Programming for PFS-ICD

Sometimes I like to reflect on where I’ve been and where I’m going at work. I’m not talking about any “greater scheme of things”, but rather how my programming is progressing. The book “Code Complete Second Edition“, by Steve McConnell, has me thinking about this again. Rather than let my memory of everywhere I’ve been in my programming at Sharp HealthCare fade away over time, I’ve decided it’s time to put it to words.

What “Code Complete Second Edition” offers is “practical” advice on “software construction”. Whereas one might see “Microsoft” on a book about coding, and think, “It’s a book on C♯ and VB for .Net,” “Code Complete Second Edition” is a code-agnostic look at the process of writing software. I’ve only just started chapter four, before which topics involve pre-coding preparation and design, but I can see where the entire book will be well worth the read.

The work I do doesn’t involve preparation and design. There are no requirements spelled out. There’s no foundation set before the first line of code is written. And I’ve paid for it in rewriting and refactoring code. While part of this was due to a VB6-to-VB.Net upgrade, a lack of planning is the main culprit. So, how did I get here? And where am I going?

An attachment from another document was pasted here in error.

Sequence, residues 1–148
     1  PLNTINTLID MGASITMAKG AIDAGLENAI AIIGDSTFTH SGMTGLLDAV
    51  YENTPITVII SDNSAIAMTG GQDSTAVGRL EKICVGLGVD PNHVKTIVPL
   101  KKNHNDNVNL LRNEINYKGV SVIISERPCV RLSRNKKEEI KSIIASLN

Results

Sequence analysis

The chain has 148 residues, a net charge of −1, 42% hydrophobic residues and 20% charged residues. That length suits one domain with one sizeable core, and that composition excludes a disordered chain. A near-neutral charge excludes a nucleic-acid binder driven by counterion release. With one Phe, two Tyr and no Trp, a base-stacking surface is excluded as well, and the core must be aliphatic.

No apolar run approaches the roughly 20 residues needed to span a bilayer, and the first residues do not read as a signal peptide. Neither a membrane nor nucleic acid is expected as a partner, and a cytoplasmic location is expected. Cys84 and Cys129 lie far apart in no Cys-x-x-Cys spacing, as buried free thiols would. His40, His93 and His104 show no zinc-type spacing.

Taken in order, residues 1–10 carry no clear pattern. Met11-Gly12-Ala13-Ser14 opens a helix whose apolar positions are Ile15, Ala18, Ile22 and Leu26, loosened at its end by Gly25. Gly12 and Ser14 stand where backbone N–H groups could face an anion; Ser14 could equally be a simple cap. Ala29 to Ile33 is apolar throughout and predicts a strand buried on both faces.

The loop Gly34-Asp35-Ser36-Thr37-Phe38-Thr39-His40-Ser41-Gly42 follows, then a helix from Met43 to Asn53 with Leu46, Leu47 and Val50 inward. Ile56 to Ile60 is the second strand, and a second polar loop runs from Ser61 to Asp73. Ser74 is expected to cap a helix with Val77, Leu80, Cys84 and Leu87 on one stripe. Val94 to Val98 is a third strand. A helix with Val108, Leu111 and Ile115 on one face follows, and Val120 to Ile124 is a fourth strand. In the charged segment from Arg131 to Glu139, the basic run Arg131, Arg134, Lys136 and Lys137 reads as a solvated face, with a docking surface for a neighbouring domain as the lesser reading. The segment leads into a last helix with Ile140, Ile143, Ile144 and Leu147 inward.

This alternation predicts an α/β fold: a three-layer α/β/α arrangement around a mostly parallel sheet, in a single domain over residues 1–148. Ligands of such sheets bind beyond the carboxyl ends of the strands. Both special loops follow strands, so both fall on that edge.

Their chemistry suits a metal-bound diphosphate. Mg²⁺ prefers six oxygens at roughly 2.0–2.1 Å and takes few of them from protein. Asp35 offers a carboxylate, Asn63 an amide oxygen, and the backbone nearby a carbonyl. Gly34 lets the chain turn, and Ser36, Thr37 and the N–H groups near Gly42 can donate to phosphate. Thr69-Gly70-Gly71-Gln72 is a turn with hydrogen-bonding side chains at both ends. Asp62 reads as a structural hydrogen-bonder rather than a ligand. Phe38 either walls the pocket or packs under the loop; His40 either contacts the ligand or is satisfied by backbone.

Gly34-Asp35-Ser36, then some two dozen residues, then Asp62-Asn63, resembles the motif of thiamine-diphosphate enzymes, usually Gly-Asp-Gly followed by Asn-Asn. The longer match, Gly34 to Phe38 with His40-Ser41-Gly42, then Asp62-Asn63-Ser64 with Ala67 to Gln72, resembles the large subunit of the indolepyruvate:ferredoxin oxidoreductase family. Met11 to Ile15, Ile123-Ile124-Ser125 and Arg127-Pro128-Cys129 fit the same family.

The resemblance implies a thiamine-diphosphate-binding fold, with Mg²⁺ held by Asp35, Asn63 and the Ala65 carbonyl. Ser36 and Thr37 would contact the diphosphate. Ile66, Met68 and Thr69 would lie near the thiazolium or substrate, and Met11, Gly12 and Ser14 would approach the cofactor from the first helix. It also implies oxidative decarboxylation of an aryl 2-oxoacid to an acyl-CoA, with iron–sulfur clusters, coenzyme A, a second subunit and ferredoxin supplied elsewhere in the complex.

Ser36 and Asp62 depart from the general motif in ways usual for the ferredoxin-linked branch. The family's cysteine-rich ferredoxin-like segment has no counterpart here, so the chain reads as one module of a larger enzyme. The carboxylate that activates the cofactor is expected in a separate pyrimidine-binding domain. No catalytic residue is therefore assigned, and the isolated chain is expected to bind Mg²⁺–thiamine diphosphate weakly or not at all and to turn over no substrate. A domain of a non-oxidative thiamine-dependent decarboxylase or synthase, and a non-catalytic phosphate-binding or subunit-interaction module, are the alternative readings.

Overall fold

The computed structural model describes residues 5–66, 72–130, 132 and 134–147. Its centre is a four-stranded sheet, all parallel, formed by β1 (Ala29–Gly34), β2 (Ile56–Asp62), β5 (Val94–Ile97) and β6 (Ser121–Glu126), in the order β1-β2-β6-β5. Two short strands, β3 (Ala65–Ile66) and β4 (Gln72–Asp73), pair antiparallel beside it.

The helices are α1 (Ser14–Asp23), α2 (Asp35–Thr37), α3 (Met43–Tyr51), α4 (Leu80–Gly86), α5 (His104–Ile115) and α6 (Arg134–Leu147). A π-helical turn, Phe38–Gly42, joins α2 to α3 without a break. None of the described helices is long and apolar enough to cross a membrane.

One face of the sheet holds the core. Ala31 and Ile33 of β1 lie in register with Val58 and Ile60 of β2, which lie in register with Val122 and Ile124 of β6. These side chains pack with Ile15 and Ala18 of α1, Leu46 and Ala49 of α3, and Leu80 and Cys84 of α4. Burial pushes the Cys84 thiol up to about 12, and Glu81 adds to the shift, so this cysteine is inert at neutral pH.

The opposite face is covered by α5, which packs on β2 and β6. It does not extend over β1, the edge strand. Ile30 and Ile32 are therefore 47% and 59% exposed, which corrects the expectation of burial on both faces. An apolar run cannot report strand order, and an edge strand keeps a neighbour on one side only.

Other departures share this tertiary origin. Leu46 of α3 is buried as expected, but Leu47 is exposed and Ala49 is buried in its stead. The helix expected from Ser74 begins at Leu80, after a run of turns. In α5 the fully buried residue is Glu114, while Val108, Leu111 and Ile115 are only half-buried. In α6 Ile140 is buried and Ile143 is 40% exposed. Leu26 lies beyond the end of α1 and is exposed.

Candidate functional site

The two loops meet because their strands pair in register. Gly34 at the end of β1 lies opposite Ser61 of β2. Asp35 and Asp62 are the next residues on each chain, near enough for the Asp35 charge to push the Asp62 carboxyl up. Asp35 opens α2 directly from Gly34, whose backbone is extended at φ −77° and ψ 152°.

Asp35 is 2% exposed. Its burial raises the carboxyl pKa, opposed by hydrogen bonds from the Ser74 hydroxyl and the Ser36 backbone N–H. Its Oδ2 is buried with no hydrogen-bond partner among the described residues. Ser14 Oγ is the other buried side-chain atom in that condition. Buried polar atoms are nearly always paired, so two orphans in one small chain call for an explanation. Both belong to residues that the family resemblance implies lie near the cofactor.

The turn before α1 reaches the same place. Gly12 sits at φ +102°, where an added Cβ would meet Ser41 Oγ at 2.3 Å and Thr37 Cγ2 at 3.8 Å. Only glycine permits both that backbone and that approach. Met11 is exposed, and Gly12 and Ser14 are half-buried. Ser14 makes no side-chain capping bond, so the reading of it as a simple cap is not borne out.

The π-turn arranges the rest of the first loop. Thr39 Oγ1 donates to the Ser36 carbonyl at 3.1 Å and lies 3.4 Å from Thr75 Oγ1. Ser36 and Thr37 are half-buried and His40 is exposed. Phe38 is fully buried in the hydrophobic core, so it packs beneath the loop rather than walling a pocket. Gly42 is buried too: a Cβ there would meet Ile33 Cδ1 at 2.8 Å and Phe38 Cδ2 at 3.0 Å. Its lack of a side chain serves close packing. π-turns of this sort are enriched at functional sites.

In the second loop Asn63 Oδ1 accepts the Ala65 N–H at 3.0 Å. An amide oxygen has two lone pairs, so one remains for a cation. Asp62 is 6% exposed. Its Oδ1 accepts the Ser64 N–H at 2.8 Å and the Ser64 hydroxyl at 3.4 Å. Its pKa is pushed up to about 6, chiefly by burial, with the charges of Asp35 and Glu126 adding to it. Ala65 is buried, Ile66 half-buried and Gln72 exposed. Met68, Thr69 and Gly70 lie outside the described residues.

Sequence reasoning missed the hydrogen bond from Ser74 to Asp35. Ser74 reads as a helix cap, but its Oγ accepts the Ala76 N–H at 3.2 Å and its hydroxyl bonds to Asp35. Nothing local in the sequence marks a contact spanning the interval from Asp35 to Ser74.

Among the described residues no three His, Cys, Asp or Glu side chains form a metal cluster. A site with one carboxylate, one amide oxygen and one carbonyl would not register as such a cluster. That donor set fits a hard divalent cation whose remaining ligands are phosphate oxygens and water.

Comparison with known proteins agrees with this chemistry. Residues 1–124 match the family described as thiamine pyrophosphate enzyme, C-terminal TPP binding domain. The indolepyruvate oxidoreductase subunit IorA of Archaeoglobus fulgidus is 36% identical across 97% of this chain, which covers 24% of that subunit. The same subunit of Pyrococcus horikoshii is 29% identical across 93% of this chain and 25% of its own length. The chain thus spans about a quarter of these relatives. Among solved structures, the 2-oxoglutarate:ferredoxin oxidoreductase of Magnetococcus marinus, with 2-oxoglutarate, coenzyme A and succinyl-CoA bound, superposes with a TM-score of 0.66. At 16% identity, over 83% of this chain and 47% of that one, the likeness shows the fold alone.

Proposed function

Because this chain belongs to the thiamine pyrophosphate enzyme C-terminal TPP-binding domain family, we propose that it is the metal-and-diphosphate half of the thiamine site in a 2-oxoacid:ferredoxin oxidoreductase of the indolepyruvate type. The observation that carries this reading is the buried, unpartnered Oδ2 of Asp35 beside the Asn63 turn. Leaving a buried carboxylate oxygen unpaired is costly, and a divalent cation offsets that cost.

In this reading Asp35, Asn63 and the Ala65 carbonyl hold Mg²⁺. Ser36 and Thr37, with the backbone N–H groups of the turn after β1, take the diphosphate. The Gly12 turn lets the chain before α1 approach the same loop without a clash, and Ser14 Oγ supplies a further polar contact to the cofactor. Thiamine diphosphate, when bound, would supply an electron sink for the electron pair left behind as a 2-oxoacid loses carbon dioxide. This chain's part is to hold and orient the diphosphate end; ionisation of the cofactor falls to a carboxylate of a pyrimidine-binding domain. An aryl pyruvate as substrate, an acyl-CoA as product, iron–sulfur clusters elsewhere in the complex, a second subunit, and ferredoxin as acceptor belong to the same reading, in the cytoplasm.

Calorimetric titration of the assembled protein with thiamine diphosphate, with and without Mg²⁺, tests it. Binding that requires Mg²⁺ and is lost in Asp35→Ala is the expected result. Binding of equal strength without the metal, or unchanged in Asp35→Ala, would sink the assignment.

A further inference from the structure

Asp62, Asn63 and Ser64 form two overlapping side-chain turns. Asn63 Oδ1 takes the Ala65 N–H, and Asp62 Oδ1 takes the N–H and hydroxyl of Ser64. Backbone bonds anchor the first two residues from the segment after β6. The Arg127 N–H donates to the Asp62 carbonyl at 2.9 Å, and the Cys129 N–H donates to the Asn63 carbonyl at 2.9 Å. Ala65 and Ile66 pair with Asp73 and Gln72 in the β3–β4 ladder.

Being Hired

When I was hired as Sharp HealthCare in the PFS-ICD, it was unofficially on the promise that my programming ability would improve the EDI process.

Although IS handled building and maintaining the back-end for loading information (payments from government, insurance) into our system, the system has many shortcomings, so a lot of automatically posted information had to be deleted from the system, and then re-keyed correctly. This is where my job started: deleting incorrectly posted items, and re-posting them correctly.

I started out as one would expect: taking ten hours to do an eight hour job (without working overtime to finish it each day). I was working during my breaks and lunch (just don’t tell my supervisor!) to get it all done. I knew this was only temporary, until I really started to get comfortable with the work-flow, and learned tips and tricks to cut down on the take required. Until then, Blue Cross would send double the workload on Tuesdays, but nothing on Wednesdays, meaning I typically had extra papers leftover scattered across my desk on Tuesdays, but Wednesdays were a day where I found myself catching up on work.